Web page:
Sri Lanka says army aided renegade rebels
COLOMBO: Sri Lanka’s military was involved in helping a breakaway rebel faction, the government said on Thursday in comments likely to erode trust with the Tamil Tigers rebels as they seek to restart a stalled peace bid.
But it denied accusations by the Liberation Tigers of Tamil Eelam (LTTE) that the army as a whole was complicit. Elements of the military had acted on their own to help eastern rebel commander Karuna after he broke from the main rebel group, the government said. “Obviously there has been military personnel involved. That we cannot deny,” cabinet spokesman Mangala Samaraweera told a news conference.
But the government itself was not involved, he said.
“I wish to state categorically that the government has had no direct or indirect involvement with the breakaway LTTE faction.”
The military has also repeatedly denied its involvement.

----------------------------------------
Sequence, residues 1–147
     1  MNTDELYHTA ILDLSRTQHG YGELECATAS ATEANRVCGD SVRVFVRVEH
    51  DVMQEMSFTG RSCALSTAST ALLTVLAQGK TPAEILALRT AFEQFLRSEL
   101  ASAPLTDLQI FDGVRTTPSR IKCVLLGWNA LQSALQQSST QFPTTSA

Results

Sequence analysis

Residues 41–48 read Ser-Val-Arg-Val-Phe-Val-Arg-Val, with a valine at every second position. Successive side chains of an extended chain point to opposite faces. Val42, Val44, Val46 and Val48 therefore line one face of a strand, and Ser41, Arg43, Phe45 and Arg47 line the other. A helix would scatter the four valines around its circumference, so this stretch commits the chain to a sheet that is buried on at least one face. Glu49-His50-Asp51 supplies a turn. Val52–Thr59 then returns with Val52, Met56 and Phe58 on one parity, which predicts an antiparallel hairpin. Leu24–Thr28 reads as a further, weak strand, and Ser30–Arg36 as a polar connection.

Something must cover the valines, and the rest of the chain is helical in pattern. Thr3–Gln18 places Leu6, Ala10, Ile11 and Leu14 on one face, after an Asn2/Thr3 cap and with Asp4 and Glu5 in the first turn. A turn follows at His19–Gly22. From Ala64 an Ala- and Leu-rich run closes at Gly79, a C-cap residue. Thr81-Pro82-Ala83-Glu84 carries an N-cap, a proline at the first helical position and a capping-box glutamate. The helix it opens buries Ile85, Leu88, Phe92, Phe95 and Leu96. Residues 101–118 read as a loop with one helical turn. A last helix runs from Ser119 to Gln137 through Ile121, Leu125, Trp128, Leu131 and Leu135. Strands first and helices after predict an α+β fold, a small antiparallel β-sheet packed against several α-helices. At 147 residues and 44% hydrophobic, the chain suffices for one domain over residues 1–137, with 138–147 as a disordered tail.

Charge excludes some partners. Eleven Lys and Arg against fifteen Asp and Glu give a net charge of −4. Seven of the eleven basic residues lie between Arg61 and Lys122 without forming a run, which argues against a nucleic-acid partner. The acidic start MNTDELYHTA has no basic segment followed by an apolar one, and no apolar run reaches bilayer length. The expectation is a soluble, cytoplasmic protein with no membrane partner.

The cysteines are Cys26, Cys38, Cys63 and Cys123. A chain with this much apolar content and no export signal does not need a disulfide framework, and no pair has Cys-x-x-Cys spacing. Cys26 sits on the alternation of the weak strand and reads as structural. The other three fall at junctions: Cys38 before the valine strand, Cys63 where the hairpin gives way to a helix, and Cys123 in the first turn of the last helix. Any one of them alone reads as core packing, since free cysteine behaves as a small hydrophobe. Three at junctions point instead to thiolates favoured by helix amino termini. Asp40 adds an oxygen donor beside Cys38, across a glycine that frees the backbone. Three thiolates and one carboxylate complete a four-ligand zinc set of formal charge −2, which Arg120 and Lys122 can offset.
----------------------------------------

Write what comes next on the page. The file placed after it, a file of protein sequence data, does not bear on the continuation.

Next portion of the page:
But that is likely to do little to placate the Tigers, who already distrust the minority government elected early in April and say President Chandrika Kumaratunga — who is also commander-in-chief of the armed forces — has not been sincere about efforts to restart talks to end two decades of civil war. The Tigers have made no official comment but monitors overseeing the February 2002 truce that halted the fighting confirmed the rebels had suspended regular meetings with the government in the east. “The LTTE has cancelled all meetings with the government in Batticaloa-Amapara. It’s because of this Karuna affair,” said Disa Finnboga, spokeswoman for the Sri Lanka Monitoring Mission. reuters